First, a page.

F.A.L.T.U 2011 Movie Review

Young, lively and satirical. That, in short, summarizes F.A.L.T.U., helmed by director Remo D'Souza [his first Hindi film; he had directed a Bengali film before].

Come to think of it, a number of choreographers - right from Kamal, Saroj Khan, Chinni Prakash and B.H. Tharun Kumar to Farah Khan, Ahmed Khan and Ganesh Acharya - have accepted the challenge of going beyond their boundaries of work. Call it a coincidence, their first attempts have never been musicals or dance-based affairs - something that the viewer would naturally expect from them. Now Remo sets his maiden effort F.A.L.T.U. in a college campus, casts young talents and comes up with a film that has loads of energy, plus a message before it concludes.

There's talk that F.A.L.T.U. is a mishmash of the 2006 Hollywood movie ACCEPTED. In fact, the Hindi film industry had already made mincemeat of it in a film called ADMISSIONS OPEN, which released last year. It was so poorly crafted that it arrived and departed without making any noise.

Again, ACCEPTED wasn't an original piece of work. It borrowed from two films, ANIMAL HOUSE and CAMP NOWHERE, with a bit of VAN WILDER thrown in. Remo, on the other hand, may be inspired by ACCEPTED [although the story is credited to Sachin Bajaj], but screenplay writers Mayur Puri and Tushar Hiranandani give it a desi feel to suit the Indian sensibilities. Besides, like Rajkumar Hirani's iconic Hit 3 IDIOTS, F.A.L.T.U. drives home a message in its penultimate moments.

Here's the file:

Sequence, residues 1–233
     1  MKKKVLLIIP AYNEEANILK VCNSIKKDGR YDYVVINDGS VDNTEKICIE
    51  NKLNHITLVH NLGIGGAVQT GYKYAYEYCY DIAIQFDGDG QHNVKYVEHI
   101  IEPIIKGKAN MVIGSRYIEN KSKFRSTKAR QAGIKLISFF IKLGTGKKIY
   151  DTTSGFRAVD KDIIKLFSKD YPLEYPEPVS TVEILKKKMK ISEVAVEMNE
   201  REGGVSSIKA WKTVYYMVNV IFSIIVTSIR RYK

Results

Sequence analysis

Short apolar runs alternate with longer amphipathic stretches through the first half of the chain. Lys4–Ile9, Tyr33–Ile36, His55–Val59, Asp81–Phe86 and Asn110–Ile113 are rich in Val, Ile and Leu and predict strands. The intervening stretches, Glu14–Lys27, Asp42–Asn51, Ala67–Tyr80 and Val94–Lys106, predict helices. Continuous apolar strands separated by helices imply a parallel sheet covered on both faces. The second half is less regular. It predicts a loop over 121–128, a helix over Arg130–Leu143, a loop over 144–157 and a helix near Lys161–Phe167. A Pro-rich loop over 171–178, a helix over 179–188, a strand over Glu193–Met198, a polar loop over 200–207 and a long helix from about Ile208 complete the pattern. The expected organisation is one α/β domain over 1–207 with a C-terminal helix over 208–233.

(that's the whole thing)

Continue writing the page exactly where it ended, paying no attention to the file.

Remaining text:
F.A.L.T.U. gives its take on the educational system, but it's far from serious and preachy. With foot-tapping songs and energetic choreography [naturally, with Remo at the helm], loads of humor and tremendous youth appeal, F.A.L.T.U. is more of a fun ride that's wildly aimed at the youth in particular. In fact, I'd go to the extent of saying that the film reflects the attitude of Gen X.